Youth vaccination ticks upward ahead of back-to-school deadline but more needed: Dr. Reimer

Vaccine uptake among Manitoba youth increased after the medical lead on the province’s task force noted a July 27 deadline to ensure full immunization before school starts, but Dr. Joss Reimer says more people still need to get the shot ahead of a potential fourth wave of COVID-19.

“We haven’t yet hit the point of that textbook herd immunity, where we have so much protection that the virus can’t circulate,” Reimer said in an interview on CBC Manitoba’s Information Radio on Tuesday.

As of Monday, 78.7 per cent of eligible Manitobans had received one dose of a vaccine, and 66.5 per cent had two, according to provincial data.

The province must reach a minimum of vaccinating 80 per cent of eligible people to achieve herd immunity, Reimer said, although that number might be higher, as the effectiveness of the vaccines against more contagious variants of the coronavirus that causes COVID-19 remains to be determined.

“And until we hit much higher numbers, we expect that the virus will be present in Manitoba.”

Last week, Reimer called on youth between the age of 12 and 17 and their parents to get their first dose of a COVID-19 vaccine by this week, or risk sending their kids back to school without maximum protection.

WATCH | Dr. Reimer discusses back-to-school vaccination deadlines on July 21:

Dr. Joss Reimer, medical lead of Manitoba’s vaccine task force, said children aged 12-17 should have their first dose of a COVID-19 vaccine by July 27 in order to allow enough time between first and second doses, as well as enough time after the second dose, before school starts up again in the fall. 0:45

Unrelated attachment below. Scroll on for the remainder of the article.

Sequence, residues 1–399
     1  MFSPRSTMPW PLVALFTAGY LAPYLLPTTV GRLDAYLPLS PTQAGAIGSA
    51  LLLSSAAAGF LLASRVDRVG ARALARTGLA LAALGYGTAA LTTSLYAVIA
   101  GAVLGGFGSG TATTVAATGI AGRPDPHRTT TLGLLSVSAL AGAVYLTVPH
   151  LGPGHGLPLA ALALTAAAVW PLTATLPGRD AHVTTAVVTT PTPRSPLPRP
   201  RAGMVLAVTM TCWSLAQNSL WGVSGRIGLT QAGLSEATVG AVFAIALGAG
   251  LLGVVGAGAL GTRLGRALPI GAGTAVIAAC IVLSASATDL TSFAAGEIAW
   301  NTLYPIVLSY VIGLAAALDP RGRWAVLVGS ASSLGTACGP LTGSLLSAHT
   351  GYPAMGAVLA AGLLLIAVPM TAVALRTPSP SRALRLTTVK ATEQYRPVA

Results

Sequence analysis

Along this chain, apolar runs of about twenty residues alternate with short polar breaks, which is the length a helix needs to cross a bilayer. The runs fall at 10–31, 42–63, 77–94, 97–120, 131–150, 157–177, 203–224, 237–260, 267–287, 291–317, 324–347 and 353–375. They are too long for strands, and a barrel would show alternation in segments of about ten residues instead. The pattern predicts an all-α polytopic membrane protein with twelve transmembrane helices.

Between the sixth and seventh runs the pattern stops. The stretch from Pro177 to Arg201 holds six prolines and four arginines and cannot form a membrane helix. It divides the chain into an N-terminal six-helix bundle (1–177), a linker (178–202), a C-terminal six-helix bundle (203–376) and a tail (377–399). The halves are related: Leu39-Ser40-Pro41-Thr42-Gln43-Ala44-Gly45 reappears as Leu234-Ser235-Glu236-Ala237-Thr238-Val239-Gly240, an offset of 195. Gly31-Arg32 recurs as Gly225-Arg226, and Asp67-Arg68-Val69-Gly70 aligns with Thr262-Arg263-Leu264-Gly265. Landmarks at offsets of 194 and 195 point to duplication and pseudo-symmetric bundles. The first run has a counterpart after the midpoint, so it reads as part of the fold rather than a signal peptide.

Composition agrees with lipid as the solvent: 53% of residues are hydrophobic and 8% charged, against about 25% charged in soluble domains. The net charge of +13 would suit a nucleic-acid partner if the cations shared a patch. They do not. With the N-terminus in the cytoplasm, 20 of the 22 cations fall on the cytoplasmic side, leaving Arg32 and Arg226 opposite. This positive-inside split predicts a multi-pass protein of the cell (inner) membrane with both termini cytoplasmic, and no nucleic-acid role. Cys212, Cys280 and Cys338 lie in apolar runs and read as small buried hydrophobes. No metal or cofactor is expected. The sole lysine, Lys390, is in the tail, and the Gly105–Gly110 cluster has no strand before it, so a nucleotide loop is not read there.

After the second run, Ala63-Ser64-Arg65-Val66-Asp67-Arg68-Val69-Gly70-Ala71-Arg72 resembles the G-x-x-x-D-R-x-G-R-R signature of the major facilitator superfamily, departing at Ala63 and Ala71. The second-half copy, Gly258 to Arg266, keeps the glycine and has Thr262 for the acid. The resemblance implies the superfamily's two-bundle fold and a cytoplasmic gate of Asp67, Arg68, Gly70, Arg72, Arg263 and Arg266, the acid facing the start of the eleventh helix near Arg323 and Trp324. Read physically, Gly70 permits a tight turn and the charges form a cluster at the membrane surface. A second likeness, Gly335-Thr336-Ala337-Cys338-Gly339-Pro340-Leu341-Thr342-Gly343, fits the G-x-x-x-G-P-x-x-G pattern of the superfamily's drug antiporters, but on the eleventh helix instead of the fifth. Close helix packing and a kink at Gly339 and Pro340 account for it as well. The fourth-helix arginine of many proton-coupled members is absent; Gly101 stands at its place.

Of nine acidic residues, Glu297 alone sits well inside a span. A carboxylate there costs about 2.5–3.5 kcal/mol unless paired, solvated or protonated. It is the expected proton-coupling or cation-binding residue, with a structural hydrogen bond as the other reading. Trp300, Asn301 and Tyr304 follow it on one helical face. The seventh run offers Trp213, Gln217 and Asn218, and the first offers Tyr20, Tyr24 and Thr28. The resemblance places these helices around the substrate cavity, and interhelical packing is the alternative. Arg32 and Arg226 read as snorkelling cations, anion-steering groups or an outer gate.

Because the province requires 28 days between a first and second dose, a young person who got their first shot Tuesday wouldn’t be able to get their second until around Aug. 24.

It takes on average about 14 days from a second dose before maximum immunity is reached, which would mean anyone with two doses by Aug. 24 would have their strongest protection around Sept. 7 — the first day of the 2021-22 school year.

Last resort

As uptake of the vaccine has slowed, the focus of the province’s vaccination campaign is shifting from mass immunization centres to community outreach. Reimer says the province hasn’t ruled out making vaccines mandatory, but that would be a last resort.

“We are in a pandemic and sometimes we have to go with those difficult last resorts. So this is something that the government is going to have to think about very carefully,” she said.

Among the 10-19 age group, 51.7 per cent have received at least one dose, according to the Manitoba government’s online dashboard. Only people 12 and older are currently eligible to receive the vaccine.

Vaccine uptake across the province is uneven, with some health districts well below the target threshold. The health district of Stanley, which surrounds the southern Manitoba cities of Winkler and Morden, has a first-dose vaccination rate of 20.7 per cent. Winkler is at 38.7 per cent, while Morden has a first-dose rate of 66 per cent.

When the fourth wave of the pandemic arrives — likely to happen in the fall —  it will hit hardest in areas with low vaccine uptake, Reimer said.

“We want people to have as many tools as possible to protect themselves so that we don’t see people ending up in the hospital and certainly don’t see them dying when this next wave comes.”

On Monday, Manitoba reported its lowest one-day number of new cases since September, with 11 new cases. 

Contact tracing shift

As the number of COVID-19 cases keep falling, Manitoba may start to concentrate its contact tracing efforts, Reimer said.

“We know that those severe outcomes will go down, and so we’ll have to think about, do we continue to do case and contact management the same way we are now, where we investigate every single individual — or do we focus more on things like outbreaks or vulnerable populations?”

Trials are ongoing to test the effectiveness and safety of existing vaccines for children under 12.

Reimer expects October would be the earliest that vaccines might become available for that age group, although it could be longer before Health Canada gives its approval.

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